Thiazolidinedione treatment decreases oxidative stress in spontaneously hypertensive heart failure rats through attenuation of inducible nitric oxide synthase-mediated lipid radical formation

Maria B. Kadiiska, Marcelo G. Bonini, Christine Ruggiero, Ellen Cleland, Shawna Wicks, Krisztian Stadler*

*Corresponding author for this work

Research output: Contribution to journalArticlepeer-review

9 Scopus citations

Abstract

The current study was designed to test the hypothesis that inducible nitric oxide synthase (iNOS)-mediated lipid free radical overproduction exists in an insulin-resistant rat model and that reducing the accumulation of toxic metabolites is associated with improved insulin signaling and metabolic response. Lipid radical formation was detected by electron paramagnetic resonance spectroscopy with in vivo spin trapping in an obese rat model, with or without thiazolidinedione treatment. Lipid radical formation was accompanied by accumulation of toxic end products in the liver, such as 4-hydroxynonenal and nitrotyrosine, and was inhibited by the administration of the selective iNOS inhibitor 1400 W. The model showed impaired phosphorylation of the insulin signaling pathway. Ten-day rosiglitazone injection not only improved the response to an oral glucose tolerance test and corrected insulin signaling but also decreased iNOS levels. Similar to the results with specific iNOS inhibition, thiazolidinedione dramatically decreased lipid radical formation.We demonstrate a novel mechanism where a thiazolidinedione treatment can reduce oxidative stress in this model through reducing iNOS-derived lipid radical formation. Our results suggest that hepatic iNOS expression may underlie the accumulation of lipid end products and that reducing the accumulation of toxic lipid metabolites contributes to a better redox status in insulin-sensitive tissues.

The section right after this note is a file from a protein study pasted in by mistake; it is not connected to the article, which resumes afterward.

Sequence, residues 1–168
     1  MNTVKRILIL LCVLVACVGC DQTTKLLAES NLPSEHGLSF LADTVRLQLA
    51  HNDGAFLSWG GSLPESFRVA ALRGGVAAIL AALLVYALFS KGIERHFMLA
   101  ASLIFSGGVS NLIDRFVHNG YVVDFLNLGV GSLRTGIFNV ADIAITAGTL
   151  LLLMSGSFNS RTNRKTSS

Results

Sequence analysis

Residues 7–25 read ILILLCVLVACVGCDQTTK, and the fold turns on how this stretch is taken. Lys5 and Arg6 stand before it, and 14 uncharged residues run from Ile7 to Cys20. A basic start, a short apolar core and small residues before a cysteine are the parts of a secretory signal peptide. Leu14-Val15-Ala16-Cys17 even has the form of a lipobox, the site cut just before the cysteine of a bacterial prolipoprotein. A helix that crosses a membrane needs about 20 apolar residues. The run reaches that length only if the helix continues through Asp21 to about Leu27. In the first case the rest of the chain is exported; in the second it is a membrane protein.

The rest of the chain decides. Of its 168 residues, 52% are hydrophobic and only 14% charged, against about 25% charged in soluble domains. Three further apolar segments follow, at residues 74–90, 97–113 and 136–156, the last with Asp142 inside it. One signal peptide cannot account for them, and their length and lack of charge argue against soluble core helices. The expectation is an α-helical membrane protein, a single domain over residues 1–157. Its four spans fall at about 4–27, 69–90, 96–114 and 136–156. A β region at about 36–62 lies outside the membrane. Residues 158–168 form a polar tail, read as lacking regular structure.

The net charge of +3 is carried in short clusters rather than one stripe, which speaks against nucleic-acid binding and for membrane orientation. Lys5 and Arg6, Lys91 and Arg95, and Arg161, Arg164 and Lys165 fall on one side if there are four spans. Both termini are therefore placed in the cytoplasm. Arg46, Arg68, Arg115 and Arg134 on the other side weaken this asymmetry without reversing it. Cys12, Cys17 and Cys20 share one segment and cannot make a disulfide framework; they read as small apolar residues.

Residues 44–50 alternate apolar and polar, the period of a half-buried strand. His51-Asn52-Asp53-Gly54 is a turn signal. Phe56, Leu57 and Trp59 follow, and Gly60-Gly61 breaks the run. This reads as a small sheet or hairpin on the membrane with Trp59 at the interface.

Original languageEnglish (US)
Pages (from-to)586-596
Number of pages11
JournalDiabetes
Volume61
Issue number3
DOIs
StatePublished - Mar 2012

ASJC Scopus subject areas

  • Internal Medicine
  • Endocrinology, Diabetes and Metabolism

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